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Strong Growth Experienced By Asia-Pacific in the Textile Mills Market

Despite continuing financial and economic uncertainty impacting the global economy, the textile mills market has experienced strong growth in 2011. This is largely due to the performance of the Asia-Pacific market. The strong growth experienced by the Asia-Pacific region during 2007-2011 has not been seen in Europe and the United States, where market values have continued to fluctuate.

Industry figures

The global textile mills market grew by 6.3% in 2011, to reach a value of $630.6 billion, representing a compound annual growth rate of 4.4% for the period spanning 2007-2011.

Growth was primarily driven by the Asia-Pacific and South American regions. Asia-Pacific contains the two largest textiles markets in terms of value; India and China, with a global market share of 29% and 21%, respectively. Both countries have experienced strong growth in both production and exports in the last few years.

North America and Europe felt the effects of the recent economic climate, with decline experienced in 2008 and 2009. Both markets recovered in 2011; however, market share is declining. Europe’s market share has dropped from 22% in 2007 to 19.6% in 2011. The US’s share has dropped from 14% in 2007 to 11.5% in 2011.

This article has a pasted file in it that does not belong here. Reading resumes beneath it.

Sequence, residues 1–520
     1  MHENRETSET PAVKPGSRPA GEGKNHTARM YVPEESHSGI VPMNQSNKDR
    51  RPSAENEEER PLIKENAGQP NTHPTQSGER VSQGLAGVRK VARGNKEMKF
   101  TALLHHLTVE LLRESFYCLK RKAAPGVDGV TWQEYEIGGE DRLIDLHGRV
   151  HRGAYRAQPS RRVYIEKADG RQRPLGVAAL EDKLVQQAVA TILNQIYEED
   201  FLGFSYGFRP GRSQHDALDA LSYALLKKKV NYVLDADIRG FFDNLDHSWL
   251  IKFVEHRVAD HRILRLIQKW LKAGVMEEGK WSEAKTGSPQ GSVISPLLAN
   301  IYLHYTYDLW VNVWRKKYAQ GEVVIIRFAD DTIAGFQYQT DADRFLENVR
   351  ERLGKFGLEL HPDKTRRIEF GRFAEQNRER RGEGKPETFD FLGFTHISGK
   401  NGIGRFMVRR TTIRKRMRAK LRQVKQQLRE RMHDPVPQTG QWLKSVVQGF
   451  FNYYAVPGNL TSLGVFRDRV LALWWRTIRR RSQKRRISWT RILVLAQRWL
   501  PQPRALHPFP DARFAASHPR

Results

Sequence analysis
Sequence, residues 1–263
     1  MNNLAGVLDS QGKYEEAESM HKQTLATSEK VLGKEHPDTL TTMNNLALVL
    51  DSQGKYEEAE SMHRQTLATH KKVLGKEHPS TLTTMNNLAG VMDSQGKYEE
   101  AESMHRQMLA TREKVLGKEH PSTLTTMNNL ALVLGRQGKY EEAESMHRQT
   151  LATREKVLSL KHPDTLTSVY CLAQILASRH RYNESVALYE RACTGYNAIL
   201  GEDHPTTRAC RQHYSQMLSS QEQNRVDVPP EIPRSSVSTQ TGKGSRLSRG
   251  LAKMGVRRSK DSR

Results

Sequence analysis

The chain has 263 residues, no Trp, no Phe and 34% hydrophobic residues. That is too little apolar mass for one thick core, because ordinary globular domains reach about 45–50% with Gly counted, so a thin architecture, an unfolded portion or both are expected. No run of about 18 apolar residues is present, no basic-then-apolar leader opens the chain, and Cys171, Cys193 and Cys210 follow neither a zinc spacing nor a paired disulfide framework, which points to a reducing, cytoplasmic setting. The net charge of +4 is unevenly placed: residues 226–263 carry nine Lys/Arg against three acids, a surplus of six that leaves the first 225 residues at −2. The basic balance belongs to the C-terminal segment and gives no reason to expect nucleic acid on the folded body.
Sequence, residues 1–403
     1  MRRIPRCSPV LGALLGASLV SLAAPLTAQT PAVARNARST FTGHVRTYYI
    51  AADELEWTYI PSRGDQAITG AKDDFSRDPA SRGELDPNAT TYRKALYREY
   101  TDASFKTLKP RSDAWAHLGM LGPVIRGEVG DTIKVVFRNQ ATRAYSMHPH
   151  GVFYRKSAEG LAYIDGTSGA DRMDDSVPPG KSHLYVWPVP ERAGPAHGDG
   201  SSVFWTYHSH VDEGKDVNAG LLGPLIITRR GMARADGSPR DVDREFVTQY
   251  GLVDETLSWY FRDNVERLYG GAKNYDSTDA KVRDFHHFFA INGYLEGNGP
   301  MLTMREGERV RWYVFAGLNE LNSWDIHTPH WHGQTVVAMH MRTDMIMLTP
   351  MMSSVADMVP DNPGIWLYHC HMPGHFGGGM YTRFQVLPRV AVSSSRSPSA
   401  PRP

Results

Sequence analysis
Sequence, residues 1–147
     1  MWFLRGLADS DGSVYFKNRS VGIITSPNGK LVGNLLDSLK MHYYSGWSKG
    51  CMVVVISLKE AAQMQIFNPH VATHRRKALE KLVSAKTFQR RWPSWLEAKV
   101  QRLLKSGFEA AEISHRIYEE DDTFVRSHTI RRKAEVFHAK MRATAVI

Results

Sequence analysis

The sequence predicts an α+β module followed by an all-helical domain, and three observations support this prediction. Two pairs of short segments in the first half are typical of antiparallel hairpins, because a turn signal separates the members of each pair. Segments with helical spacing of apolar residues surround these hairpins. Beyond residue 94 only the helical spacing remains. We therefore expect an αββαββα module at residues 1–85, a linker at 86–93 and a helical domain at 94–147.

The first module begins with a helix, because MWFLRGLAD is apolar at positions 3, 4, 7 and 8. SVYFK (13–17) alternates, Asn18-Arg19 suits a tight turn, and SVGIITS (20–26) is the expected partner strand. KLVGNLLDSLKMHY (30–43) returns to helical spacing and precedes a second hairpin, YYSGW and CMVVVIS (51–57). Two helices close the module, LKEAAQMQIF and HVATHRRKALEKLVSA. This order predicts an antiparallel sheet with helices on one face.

Industry trends/issues

Historically, China was a powerhouse of textiles manufacturing and exports, due in part to low cost labor. However, China’s future position as a leader in textiles manufacturing is questionable, due to an increase in environmental and safety regulations, taxes and labor costs (wages vary region to region, but increase around 15-20% annually). This may push manufacturing to other regions, such as Southeast Asia. However, China benefits from a reliable and sophisticated supply chain, as well as high degrees of efficiency and productivity, which may see China retain its status as a leader in this industry.

The high prices of raw materials, such as silk, cotton and wool, may have a knock-on effect further down the supply chain, decreasing profit margins for companies and passing on the rising to consumers. The price of cotton rose 150% between August 2010 and March 2011. Wool has also seen a sharp rise in recent years. However, although prices have dropped since reaching a peak in 2011, prices are still high.

The global market’s growth is predicted to stabilize, with strong growth expected to continue for the next few years, despite the weak outlook for Europe and North America.

The geography share continues to change: both the US and Europe have experienced declining share while Asia-Pacific’s share has risen from 55% in 2007 to 60.7% in 2011.

Posted in Consumer, Textiles.

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